Eighty-Sixed is a web series — sorry, not truly a show — written by Elisa Kalani and Cazzie David, who are my friends (sorry again) but I saw it before we were friends and therefore I feel comfortably un-hacky enough to say that I love it, especially if you’re young and craving attention post-breakup. It’s a show about young 20-something Remi (played by David) and her quest to get herself over a breakup in the classic, most self-defeating way: by winning. Remi is refreshing, lacking any discernible chill. It’s quick watch, but it’s jam-packed with the foibles of an Instagram-obsessed generation: everyone clamoring to be perceived as happy and hot and not-too-online while acknowledging that we all know we’re participating in one massive brain-breaking lie. I highly recommend you view the third episode, Tight Vagina Melissa, for a good dose of “it could be worse.” Begging to be fingered in the name of moving on? Could. Be. Worse.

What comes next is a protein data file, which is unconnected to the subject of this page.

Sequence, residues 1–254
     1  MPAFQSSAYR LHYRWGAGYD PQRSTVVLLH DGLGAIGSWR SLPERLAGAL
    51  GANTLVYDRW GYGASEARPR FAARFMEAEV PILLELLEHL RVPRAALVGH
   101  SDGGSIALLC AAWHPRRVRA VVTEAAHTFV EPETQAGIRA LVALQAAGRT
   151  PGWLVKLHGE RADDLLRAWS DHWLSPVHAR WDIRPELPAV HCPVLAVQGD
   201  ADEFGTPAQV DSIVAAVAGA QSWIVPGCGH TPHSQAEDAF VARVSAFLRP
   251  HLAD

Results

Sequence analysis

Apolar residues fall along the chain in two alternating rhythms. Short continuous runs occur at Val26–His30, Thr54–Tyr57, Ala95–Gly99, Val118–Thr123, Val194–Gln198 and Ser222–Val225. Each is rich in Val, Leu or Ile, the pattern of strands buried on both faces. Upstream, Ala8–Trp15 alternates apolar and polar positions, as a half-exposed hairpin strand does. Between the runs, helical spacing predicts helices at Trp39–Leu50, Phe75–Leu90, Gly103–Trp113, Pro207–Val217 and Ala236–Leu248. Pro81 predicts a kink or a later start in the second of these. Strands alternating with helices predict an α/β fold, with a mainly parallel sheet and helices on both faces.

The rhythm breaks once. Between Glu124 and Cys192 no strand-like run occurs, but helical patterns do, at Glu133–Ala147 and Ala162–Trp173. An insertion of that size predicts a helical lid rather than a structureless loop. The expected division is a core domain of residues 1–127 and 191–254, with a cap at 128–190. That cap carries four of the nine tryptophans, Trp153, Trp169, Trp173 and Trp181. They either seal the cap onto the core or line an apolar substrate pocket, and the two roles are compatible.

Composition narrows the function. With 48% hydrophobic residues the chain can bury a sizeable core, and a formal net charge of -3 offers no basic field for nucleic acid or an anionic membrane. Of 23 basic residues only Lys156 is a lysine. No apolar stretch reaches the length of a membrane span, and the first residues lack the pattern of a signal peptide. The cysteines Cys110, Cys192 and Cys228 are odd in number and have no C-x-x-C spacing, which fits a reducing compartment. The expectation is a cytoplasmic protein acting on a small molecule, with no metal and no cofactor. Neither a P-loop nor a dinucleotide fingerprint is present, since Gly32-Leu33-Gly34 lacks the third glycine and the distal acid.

Vanderpump Rules, for the “Just Fucking Distract Me With a Shiny Hell” breakup
If the rest of my recommendations were a bit much, please look no further than Vanderpump Rules. On the surface, it’s a reality show about hot 20-something, Hollywood hopeful waiters in Real Housewives of Beverly Hills’ Lisa Vanderpump’s West Hollywood restaurant, SUR Restaurant, which stands for Sexy Unique Restaurant, which means the establishment’s name is actually Sexy Unique Restaurant Restaurant. But just below the surface lies the best writing on television, a fresh hell of hot bodies writhing in an evil psychosexual competition for the success that lies in Hollywood’s low middle tier of “being a working actor or model.” It’s incredible. Take my word for it, I beg you. It will make you forget anything you want to forget. Start with season two, episode 13, then work backward and then work forward. Or don’t. Stay bitter forever. Hate me, even. Whatever works, man.